The 800-mile San Andreas Fault, which runs from northern California to Mexico, has been the source of the state’s biggest earthquakes. Known as the ‘sleeping giant’, it is one of more than 350 faults that are found across the state.
Scientists now predict that the risk of a mega quake in the next 30 years is higher than was previously thought.
The Third Uniform California Earthquake Rupture Forecast (UCERF3), published in March, includes newly discovered fault zones and accounts for the possibility of an earthquake jumping between them. This could result in multiple faults shaking in a simultaneous mega quake (magnitude-8), releasing enough energy to cause massive destruction.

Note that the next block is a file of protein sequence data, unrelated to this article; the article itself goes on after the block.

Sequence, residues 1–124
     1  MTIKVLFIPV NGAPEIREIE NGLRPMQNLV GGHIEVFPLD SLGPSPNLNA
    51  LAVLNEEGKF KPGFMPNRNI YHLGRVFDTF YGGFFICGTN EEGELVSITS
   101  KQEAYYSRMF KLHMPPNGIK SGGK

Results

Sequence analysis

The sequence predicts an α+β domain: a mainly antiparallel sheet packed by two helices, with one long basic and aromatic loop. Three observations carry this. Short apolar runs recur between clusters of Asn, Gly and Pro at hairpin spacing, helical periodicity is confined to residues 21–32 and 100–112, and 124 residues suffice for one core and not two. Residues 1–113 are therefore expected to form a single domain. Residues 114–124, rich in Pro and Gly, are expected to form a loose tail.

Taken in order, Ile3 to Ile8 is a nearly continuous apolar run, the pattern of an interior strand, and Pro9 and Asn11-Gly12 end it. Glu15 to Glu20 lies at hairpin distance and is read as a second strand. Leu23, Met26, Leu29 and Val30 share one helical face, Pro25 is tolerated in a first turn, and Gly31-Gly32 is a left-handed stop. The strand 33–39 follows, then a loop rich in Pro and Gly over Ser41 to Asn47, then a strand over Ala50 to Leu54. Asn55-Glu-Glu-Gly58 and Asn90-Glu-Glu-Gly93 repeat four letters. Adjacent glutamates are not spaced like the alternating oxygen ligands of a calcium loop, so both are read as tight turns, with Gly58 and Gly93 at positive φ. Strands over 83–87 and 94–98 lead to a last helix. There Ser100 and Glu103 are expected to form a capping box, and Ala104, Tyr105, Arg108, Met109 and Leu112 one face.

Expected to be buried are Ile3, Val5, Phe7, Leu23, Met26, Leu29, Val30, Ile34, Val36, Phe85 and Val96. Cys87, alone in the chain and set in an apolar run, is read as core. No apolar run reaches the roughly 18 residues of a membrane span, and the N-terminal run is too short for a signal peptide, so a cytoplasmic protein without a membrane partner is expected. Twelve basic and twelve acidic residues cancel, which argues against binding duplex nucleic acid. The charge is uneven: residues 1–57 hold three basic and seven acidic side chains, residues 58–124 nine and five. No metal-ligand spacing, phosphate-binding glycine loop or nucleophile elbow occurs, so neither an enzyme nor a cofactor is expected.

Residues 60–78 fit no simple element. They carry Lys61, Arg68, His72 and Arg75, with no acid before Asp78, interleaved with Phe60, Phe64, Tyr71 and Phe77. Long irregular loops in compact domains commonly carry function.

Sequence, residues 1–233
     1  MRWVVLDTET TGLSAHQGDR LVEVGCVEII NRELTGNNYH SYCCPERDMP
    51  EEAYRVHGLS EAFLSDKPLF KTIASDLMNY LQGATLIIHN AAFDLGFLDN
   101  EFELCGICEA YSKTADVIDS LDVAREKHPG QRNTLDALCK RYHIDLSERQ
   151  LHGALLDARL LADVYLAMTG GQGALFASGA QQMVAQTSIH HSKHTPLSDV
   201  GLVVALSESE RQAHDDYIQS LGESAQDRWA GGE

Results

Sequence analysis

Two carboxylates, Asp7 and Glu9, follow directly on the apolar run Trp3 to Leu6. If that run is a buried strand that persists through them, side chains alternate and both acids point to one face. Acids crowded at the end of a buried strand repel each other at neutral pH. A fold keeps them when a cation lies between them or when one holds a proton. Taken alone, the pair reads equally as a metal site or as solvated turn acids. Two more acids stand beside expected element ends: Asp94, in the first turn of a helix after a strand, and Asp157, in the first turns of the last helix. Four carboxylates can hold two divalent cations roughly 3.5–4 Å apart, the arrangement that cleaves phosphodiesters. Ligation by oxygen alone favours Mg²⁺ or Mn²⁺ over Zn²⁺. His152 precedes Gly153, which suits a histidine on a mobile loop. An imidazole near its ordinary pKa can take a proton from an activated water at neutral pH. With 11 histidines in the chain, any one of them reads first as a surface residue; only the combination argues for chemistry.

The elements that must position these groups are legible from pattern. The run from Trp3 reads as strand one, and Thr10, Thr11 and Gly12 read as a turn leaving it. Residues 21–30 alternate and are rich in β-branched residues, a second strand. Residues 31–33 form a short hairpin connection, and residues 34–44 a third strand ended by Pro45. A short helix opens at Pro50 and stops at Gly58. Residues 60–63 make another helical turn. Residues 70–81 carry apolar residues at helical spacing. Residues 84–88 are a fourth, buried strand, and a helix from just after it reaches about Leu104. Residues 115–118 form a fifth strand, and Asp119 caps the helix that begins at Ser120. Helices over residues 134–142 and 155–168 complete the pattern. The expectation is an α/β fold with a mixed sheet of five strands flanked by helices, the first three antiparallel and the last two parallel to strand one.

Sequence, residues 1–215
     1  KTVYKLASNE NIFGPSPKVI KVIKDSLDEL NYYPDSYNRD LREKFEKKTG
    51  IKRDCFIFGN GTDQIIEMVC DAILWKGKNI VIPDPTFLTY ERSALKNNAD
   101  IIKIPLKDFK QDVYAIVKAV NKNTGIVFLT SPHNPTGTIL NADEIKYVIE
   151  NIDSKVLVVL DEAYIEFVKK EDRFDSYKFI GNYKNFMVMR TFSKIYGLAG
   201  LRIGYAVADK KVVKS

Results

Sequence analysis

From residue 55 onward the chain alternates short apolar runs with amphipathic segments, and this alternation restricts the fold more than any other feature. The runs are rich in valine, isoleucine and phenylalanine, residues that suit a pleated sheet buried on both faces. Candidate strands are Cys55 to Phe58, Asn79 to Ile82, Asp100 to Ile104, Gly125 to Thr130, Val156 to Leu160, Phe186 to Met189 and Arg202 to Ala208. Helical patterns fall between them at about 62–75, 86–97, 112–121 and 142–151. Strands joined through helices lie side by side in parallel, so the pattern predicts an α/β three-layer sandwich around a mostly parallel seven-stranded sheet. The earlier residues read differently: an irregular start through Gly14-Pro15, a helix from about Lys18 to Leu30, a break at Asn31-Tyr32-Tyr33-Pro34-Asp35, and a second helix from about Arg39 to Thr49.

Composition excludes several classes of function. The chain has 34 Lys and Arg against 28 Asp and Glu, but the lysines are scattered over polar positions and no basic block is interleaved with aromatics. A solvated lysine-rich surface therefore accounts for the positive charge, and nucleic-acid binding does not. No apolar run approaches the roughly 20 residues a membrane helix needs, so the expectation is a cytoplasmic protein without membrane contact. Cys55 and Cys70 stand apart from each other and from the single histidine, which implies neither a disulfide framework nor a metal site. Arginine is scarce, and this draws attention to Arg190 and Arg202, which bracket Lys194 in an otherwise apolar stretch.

The report says that, while there is a lower likelihood of moderate-sized earthquakes, the odds of a mega quake occurring in the next 30 years have increased from 4.7 per cent to 7 per cent.
Earthquakes are nothing new for Californians. The state experiences 1,000 quakes a year, but most are too small to be felt. While the San Andreas Fault has experienced massive earthquakes in the central and northern segments — Fort Tejon in 1857 and San Francisco in 1906 — the southern section has not had a large quake for more than 300 years. (Read more from “California Prepares for the Next ‘Big One'” HERE)